The discs in your spine are made up of the inner, gelatinous nucleus pulposus and the outer annulus fibrosus. This outer ring is a firm, ligament that encloses the spongey nucleus and prevents it from herniating or bulging beyond its normal perimeter, according to Jack Zigler, M.D. on the Spine-health website. The annulus also disperses the pressure on the vertebrae caused by weight-bearing activities. If the annular fibers stretch or tear, the nucleus can herniate, which may lead to back pain and sciatica. Stretching and strengthening exercises can help relieve these conditions.
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Your discs naturally deteriorate as you age, especially in the lumbar region of your spine, which bears the most weight. According to the Mayfield Clinic, a major factor of degeneration is dehydration. The disc nucleus, which is largely made up of water, dries out over time. This causes the spaces between your discs to shrink and places increased pressure on the annulus. Tears can also form in the annulus, through which the nucleus can herniate and press on the nerve fibers in your spine.
Strengthening the muscles that support your spine will help you maintain good posture and movement and, therefore, relieve pressure on your discs and vertebrae, according to the Mayfield Clinic. To target your abdominals, lie on your back with your knees bent and your feet flat on the floor. Gently press your lower back into the floor and curl up until your shoulders are just off the floor. Hold for up to 10 seconds, lower and repeat 10 times. To strengthen your back muscles, lie on your stomach with your arms down by your sides and your legs straight. Tighten your buttocks and lift your shoulders and chest off the floor, hold for about 10 seconds, lower and repeat 10 times. Keep looking down at the floor throughout this exercise.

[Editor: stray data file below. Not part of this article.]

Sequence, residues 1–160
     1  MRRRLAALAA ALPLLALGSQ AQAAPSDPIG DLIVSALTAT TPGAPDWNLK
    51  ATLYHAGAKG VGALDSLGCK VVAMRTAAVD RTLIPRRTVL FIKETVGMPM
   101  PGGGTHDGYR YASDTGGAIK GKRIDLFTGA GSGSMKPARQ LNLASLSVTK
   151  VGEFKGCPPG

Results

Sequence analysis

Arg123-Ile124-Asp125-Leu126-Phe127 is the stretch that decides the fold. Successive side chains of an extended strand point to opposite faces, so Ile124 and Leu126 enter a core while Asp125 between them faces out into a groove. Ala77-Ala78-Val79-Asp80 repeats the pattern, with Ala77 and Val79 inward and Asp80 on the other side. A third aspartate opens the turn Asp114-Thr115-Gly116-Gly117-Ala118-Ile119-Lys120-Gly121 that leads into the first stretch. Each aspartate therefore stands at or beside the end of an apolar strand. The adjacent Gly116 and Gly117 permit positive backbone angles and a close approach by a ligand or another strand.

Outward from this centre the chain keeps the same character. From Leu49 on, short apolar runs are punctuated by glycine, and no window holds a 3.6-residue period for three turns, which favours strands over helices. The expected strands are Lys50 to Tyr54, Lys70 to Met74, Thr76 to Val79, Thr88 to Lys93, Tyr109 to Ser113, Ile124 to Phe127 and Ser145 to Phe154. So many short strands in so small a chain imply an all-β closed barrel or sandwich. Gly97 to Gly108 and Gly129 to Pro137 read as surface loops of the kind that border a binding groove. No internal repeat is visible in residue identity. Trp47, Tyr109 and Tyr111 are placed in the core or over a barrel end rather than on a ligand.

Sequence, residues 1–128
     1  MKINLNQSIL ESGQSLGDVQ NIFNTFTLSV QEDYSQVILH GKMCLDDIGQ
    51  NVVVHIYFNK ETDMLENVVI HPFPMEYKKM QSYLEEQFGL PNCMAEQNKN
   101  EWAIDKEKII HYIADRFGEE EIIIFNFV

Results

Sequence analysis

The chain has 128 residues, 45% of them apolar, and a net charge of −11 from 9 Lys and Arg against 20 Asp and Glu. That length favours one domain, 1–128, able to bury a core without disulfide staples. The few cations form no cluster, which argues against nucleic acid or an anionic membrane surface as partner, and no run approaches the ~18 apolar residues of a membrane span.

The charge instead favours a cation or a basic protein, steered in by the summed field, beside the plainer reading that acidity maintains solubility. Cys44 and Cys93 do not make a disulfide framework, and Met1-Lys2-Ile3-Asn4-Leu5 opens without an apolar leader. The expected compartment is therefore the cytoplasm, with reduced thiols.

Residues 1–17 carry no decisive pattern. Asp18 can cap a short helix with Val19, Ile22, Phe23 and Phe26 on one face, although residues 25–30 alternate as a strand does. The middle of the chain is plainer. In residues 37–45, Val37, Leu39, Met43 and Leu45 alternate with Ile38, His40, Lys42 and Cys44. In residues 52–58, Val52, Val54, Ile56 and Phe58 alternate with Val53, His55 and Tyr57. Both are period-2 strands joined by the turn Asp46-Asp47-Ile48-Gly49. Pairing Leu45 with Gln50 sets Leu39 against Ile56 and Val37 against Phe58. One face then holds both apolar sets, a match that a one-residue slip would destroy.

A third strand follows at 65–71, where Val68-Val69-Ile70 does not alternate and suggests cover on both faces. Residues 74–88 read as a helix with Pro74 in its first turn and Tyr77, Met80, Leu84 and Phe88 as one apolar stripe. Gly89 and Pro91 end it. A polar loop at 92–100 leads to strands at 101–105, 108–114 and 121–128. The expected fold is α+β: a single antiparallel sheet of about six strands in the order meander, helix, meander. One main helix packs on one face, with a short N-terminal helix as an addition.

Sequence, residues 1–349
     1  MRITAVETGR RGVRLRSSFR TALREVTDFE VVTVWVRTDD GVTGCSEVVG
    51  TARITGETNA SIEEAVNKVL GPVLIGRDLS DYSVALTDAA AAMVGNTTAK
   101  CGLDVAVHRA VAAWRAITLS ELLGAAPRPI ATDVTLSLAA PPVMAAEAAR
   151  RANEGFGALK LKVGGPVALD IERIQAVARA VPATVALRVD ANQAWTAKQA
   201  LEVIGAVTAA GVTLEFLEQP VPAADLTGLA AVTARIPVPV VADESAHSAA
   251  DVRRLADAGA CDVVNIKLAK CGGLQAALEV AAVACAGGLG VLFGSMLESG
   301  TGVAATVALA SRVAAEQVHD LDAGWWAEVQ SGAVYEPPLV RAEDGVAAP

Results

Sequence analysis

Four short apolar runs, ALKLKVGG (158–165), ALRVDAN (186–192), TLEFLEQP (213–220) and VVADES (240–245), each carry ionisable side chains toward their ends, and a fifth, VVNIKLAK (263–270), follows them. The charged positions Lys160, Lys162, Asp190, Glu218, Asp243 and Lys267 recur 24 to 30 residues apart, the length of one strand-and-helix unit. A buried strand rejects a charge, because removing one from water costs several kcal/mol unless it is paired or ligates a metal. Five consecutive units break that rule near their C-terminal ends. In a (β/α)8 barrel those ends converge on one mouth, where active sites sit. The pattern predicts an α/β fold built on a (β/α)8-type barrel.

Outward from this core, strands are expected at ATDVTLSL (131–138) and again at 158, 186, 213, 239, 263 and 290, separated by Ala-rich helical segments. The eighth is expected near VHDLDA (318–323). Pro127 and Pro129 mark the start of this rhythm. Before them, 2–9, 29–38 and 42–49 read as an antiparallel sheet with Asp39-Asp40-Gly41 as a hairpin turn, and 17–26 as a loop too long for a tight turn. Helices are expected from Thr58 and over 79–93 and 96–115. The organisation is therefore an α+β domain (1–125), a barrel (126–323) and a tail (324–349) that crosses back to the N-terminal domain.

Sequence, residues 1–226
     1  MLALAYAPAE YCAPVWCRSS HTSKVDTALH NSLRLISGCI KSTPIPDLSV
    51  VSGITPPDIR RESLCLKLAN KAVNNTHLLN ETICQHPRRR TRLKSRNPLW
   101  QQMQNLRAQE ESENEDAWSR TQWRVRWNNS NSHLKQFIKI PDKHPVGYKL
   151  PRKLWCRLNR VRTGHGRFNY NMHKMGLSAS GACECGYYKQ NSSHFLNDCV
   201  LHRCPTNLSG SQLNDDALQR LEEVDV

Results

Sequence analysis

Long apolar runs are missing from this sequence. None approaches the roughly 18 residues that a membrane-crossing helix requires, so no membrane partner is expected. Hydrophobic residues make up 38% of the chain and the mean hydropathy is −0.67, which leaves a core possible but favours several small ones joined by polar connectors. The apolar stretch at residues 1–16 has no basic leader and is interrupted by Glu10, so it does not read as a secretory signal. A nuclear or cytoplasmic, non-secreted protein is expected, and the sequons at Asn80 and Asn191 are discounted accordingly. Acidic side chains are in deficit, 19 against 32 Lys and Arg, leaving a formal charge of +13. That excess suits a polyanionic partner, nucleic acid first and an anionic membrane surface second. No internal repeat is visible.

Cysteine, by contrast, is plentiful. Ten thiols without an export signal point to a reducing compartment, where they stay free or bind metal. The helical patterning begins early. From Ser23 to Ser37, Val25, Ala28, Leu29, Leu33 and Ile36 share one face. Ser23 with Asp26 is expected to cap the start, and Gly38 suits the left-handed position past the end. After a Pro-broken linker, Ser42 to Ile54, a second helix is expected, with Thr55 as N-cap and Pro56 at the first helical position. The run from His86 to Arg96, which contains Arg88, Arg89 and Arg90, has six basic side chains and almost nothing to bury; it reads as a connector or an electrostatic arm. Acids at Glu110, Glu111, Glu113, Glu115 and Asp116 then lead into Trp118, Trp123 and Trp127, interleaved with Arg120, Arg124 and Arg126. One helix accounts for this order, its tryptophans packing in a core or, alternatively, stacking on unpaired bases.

Gentle stretches can ease back pain by relaxing the muscles and taking pressure off the spine, says J. Daul, M.P.T., on the Spine-health website. Stretch slowly and stop immediately if you feel any pain. A common cause of back pain is tension in the piriformis muscle, which runs from the base of your spine down your thigh. To stretch this muscle, lie on your back and cross one leg over the other, keeping both knees bent. Clasp your hands behind the knee of the lower leg and slowly draw both thighs in towards your chest. Pull your legs in as far as you can without causing pain and hold for about 30 seconds. You will feel a stretch through your buttocks and outer hips.
Low-impact aerobic exercise is not only essential for all-round fitness, but also for spine health because it promotes good circulation to ensure your spine receives a steady supply of nutrient-rich blood. TheMayfield Clinic recommends doing some form of cardiovascular exercise three to four times a week. Start with a 20-minute workout and gradually increase the time as your fitness improves. Swimming, brisk walking and stationary cycling are spine-friendly aerobic activities because they don't place a great deal of pressure on your back, according to Peter F. Ullrich Jr., M.D., on the Spine-health website. As well as improving circulation and helping to control your weight, Ullrich says the increased endorphins produced by 30 or 40 minutes of cardio activity can help ease back pain.